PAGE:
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German Party Tells Voters To 'Take Country Back,' Posts Photo Of Wrong Country

on Aug 20, 2017 at 1:16PM in Degradation, Politics, Society, Europe

The post calls for medical provision to be guaranteed in rural areas in Germany, but it features a picture of a Swiss mountain.

It's an embarrassing error for any political party to make, let alone a nationalist one. On Monday, a branch of Germany's far-right AfD (Alternatives for Germany) tweeted a picture of a mountain landscape with the headline "Our program for Germany" and a call to action: "Take your country back."

Just one problem - the mountain is the Matterhorn and it's in Switzerland.

The tweet, sent from the official Twitter account of the party's Nuremberg branch, has since been deleted. But the image - and the "take your country back" message - has been used in other tweets from the same account.

    AfD representatives were not immediately available for comment.

    The AfD is hoping to enter the German parliament for the first time in the federal election at the end of September.

    Formed in 2013, the party won 4.7% of the vote in the national election that year, just short of the 5% it needed to send representatives to the Bundestag.

    The party is campaigning on an anti-immigrant and socially conservative platform. The manifesto calls for the immediate closure of Germany's borders and describes the presence of five million Muslims in Germany as "a big danger for our state, our society and our values."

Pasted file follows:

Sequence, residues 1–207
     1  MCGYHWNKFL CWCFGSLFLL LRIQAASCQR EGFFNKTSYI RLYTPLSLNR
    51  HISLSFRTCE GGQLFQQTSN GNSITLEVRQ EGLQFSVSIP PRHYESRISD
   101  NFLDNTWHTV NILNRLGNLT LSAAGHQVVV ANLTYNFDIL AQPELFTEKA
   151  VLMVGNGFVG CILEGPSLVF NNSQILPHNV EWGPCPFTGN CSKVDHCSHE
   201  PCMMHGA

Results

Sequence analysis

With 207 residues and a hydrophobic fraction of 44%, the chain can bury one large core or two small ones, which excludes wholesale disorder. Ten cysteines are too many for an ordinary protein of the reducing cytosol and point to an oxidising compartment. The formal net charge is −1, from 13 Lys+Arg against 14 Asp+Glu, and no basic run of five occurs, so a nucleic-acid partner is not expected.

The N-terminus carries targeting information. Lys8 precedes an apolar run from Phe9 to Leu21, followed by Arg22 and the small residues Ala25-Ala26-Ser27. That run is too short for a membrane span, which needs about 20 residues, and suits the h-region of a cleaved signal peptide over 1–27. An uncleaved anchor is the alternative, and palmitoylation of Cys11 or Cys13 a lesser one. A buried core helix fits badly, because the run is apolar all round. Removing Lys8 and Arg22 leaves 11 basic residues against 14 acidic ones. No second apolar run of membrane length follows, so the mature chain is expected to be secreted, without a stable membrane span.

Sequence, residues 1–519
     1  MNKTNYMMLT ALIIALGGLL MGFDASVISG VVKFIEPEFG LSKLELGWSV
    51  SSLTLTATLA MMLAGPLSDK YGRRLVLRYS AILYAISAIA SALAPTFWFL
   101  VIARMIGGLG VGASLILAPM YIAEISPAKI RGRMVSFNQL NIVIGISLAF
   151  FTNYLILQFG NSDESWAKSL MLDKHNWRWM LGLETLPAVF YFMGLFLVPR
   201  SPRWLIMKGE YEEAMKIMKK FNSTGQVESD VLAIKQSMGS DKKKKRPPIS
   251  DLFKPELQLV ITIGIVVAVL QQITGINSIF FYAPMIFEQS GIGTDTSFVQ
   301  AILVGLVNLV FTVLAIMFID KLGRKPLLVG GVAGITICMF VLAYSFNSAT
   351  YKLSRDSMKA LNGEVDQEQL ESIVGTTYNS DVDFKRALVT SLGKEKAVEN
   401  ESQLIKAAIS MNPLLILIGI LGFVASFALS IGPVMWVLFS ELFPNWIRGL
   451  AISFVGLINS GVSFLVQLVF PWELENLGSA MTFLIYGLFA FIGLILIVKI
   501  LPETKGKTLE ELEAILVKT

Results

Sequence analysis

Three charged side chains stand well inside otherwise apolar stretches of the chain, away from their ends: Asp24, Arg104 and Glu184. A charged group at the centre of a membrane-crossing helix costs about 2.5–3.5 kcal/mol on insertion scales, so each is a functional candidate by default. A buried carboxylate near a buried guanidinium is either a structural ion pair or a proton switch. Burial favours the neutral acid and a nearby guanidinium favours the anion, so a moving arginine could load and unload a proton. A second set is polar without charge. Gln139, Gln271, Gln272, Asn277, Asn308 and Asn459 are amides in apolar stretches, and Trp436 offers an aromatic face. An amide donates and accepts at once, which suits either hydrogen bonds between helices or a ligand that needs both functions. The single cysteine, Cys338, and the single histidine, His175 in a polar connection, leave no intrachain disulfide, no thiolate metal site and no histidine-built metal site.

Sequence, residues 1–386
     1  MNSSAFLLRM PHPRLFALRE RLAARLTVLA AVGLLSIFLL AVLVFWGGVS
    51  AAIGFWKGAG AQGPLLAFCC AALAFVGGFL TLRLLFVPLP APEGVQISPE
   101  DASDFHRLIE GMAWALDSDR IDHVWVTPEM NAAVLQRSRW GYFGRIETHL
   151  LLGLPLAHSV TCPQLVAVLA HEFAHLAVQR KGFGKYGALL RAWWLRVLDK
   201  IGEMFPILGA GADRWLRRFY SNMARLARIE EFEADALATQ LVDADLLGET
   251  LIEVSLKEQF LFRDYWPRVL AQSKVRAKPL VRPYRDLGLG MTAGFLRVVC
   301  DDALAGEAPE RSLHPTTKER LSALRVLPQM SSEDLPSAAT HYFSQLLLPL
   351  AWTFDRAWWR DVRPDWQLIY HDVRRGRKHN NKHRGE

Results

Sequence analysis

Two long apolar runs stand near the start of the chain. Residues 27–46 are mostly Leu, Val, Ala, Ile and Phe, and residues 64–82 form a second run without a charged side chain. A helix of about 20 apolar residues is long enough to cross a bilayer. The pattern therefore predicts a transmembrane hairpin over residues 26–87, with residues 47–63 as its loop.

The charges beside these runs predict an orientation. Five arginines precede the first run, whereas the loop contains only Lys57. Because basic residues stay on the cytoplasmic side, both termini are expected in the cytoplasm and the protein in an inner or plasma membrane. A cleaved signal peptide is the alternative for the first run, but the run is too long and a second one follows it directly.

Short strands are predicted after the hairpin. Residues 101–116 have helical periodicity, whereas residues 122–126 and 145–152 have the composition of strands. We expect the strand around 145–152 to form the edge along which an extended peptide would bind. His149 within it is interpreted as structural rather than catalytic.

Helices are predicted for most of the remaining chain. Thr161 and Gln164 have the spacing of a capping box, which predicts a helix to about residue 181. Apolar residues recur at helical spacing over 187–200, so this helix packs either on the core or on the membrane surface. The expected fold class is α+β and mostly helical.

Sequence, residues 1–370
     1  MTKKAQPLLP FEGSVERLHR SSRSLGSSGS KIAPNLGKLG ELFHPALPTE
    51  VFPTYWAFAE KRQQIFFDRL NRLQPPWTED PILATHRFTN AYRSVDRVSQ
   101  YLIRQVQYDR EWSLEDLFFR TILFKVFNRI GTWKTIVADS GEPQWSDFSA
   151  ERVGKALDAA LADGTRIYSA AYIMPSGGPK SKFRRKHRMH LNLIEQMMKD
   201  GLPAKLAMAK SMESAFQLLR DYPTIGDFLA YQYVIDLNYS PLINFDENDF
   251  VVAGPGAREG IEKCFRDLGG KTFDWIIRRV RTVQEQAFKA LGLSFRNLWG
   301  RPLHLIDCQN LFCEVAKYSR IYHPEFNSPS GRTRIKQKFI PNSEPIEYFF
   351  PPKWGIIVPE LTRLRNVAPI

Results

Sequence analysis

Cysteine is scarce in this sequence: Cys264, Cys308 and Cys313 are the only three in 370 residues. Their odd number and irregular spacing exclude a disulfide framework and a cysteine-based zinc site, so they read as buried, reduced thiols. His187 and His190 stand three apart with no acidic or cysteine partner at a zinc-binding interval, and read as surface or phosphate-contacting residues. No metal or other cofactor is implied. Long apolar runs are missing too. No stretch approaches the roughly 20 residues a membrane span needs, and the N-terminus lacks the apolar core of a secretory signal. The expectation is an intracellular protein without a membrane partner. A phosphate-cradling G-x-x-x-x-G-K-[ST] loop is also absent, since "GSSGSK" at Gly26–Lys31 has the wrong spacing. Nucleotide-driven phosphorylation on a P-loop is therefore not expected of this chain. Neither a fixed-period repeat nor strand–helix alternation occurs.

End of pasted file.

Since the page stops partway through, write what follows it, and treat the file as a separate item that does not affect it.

For many German politicians, immigration is seen as a way to counteract the low birth rate in Germany.

    But in their manifesto, the AfD issues a stark warning about the German "trend towards self-abolition" and promises to support "traditional" families: "father, mother and children."

    "New Germans? We'll make them ourselves," reads one official campaign poster.

    Current polls suggest the AfD could win 7% to 10% of the vote in September, an improvement on its 2013 result. The party is battling with the Greens and the Left Party to be the third-largest party in the Bundestag after Chancellor Angela Merkel's Christian Democratic Union and the Social Democrats, led by Merkel's challenger, Martin Schulz.

    These projections suggest a loss of support for the party since last year, however, when a series of terror attacks in Germany boosted support for the anti-Islam party to 15%.

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    The AfD is hoping to enter the German parliament for the first time in the federal election at the end of September.

    Formed in 2013, the party won 4.7% of the vote in the national election that year, just short of the 5% it needed to send representatives to the Bundestag.

    The party is campaigning on an anti-immigrant and socially conservative platform. The manifesto calls for the immediate closure of Germany's borders and describes the presence of five million Muslims in Germany as \"a big danger for our state, our society and our values.\"

    For many German politicians, immigration is seen as a way to counteract the low birth rate in Germany.

    But in their manifesto, the AfD issues a stark warning about the German \"trend towards self-abolition\" and promises to support \"traditional\" families: \"father, mother and children.\"

    \"New Germans? We'll make them ourselves,\" reads one official campaign poster.

    Current polls suggest the AfD could win 7% to 10% of the vote in September, an improvement on its 2013 result. The party is battling with the Greens and the Left Party to be the third-largest party in the Bundestag after Chancellor Angela Merkel's Christian Democratic Union and the Social Democrats, led by Merkel's challenger, Martin Schulz.

    These projections suggest a loss of support for the party since last year, however, when a series of terror attacks in Germany boosted support for the anti-Islam party to 15%.

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